Direct and Vicarious Racial Discrimination at Three Life Stages and Preterm Labor: Results from the African American Women’s Heart & Health Study

Abstract

Introduction

Health disparities research has demonstrated a negative relationship between racial discrimination and African American women’s maternal health outcomes. Yet, the relationship between racial discrimination and preterm labor, a key measure of maternal health, remains understudied. This study sought to examine the associations between preterm labor and direct and vicarious racial discrimination among African American women at three life stages: childhood, adolescence, and adulthood.

Methods

Logistic regression methods were used to analyze cross-sectional data from the African American Women’s Heart & Health Study (AAWHHS; N = 173). The AAWHHS includes detailed maternal health information on a community sample of African American women residing in the San Francisco Bay Area.

Results

Findings indicated each unit increase in adolescent direct racial discrimination was associated with a 48% increase in the odds of preterm labor (OR: 1.480, 95% CI 1.002–2.187, p < 0.05) and each unit increase in childhood vicarious racial discrimination was associated with a 45% increase in the odds of preterm labor (OR: 1.453, 95% CI 1.010–2.092, p < 0.05) after adjusting for number of pregnancies and socioeconomic variables.

Discussion

This study provides evidence of an association between life-stage racial discrimination and preterm labor risk among African American women, underscoring a need to consider how both directly and vicariously experienced racial discrimination at different developmental periods impact racial disparities in birth outcomes.

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Acknowledgements

This work was supported by research grants from: University of California, Berkeley (UCB) Hellman Fund, USA; UCB Population Center, USA; UCB Research Bridging Grant, USA; UCB Experimental Social Science Laboratory, USA; Robert Wood Johnson Health and Society Scholars Program (UCB site), USA; UC Center for New Racial Studies, USA; and the UCB Institute for the Study of Societal Issues, USA. AM Allen was also partially supported by NIMHD Grant P60MD006902, USA; DH Chae was supported by the National Institute on Aging (NIA) of the National Institutes of Health (NIH) [K01AG041787]. The content is solely the responsibility of the authors and does not necessarily represent the official views of the NIA. Study sponsors did not participate in study design, data collection, data analysis, interpretation of study results, or drafting of the manuscript. We wish to thank Holly Berryman Stern from the UCB Tang Center for laboratory support, Roger Hoffman of Westportal for in-kind support in building the CASIC platform, Miguel Dorta from StataCorp, Maureen Lahiff for comments on statistical analysis, Whitney Pirtle for advice on study conceptualization, and the many undergraduate, graduate, and postdoctoral students working as volunteer research assistants. KP Daniels conceptualized the study, designed and performed all statistical analyses (and takes responsibility for the integrity of the data analyzed), and took primary responsibility for drafting the manuscript; Z Valdez helped conceptualize the study, assisted with the design of the analysis, operationalizing study variables, as well as, data interpretation, and drafting the manuscript. DH Chae helped conceptualize the study and aided with data interpretation and drafting the manuscript. AM Allen conceptualized the study, coordinated all logistics related to recruitment and data collection, assisted with the design of the analysis, operationalizing study variables, as well as, data interpretation, and drafting the manuscript.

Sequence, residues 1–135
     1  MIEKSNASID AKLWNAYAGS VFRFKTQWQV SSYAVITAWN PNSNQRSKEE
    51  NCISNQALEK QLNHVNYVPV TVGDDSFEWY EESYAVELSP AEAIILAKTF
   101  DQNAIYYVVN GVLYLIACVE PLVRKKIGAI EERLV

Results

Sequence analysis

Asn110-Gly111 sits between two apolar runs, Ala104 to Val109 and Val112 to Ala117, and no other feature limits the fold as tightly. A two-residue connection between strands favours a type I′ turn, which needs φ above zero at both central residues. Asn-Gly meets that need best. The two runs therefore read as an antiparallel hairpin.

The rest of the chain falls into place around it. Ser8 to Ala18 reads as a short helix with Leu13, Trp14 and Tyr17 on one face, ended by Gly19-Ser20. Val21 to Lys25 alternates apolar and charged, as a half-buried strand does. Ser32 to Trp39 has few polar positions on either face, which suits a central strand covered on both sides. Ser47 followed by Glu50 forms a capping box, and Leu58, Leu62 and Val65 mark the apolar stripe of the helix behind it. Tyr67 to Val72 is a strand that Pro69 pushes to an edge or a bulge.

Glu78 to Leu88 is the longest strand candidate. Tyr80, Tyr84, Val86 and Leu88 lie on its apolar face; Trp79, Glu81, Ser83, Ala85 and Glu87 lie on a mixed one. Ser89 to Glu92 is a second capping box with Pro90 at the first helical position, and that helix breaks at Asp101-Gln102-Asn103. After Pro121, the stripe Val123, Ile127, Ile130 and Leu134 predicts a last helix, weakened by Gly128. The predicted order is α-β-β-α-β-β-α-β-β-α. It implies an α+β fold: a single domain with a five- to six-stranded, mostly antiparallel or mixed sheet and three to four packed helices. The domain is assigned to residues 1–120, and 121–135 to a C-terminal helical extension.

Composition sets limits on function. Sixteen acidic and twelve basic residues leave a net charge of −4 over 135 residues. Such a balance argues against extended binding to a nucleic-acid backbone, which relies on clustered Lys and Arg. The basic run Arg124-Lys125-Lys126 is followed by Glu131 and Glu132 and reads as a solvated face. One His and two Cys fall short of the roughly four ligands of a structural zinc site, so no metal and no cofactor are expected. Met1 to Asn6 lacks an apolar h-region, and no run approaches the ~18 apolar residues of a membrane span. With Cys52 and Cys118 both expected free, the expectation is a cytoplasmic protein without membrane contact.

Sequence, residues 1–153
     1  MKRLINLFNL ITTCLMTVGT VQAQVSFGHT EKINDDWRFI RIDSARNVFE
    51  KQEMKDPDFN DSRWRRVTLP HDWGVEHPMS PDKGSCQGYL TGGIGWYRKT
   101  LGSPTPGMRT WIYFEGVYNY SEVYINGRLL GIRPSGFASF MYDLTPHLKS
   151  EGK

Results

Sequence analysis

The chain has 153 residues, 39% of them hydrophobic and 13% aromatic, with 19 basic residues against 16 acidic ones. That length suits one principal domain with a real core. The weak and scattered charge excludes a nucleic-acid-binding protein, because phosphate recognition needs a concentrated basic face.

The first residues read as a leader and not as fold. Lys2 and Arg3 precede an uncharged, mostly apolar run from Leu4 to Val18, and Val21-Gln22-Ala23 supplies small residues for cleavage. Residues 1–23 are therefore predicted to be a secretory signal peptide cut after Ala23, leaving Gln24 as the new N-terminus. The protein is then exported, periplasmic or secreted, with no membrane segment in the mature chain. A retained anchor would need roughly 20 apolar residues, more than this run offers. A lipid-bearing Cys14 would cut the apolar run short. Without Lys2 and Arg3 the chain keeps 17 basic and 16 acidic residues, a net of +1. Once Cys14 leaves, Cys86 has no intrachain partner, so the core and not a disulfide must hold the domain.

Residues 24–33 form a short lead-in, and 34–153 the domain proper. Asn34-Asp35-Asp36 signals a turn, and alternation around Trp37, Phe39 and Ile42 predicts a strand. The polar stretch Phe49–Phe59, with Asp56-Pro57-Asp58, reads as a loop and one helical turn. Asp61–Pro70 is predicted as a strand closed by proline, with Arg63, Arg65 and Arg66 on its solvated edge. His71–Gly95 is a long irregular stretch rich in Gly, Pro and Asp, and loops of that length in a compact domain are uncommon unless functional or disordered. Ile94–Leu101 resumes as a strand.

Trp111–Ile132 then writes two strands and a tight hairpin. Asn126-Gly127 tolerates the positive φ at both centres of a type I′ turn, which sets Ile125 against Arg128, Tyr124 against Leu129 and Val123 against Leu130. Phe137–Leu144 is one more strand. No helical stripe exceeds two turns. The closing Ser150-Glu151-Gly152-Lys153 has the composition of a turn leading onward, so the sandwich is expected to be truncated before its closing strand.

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Daniels, K.P., Valdez, Z., Chae, D.H. et al. Direct and Vicarious Racial Discrimination at Three Life Stages and Preterm Labor: Results from the African American Women’s Heart & Health Study. Matern Child Health J 24, 1387–1395 (2020). https://doi.org/10.1007/s10995-020-03003-4

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Keywords

  • Preterm labor
  • Racial discrimination
  • Pregnancy
  • Health disparities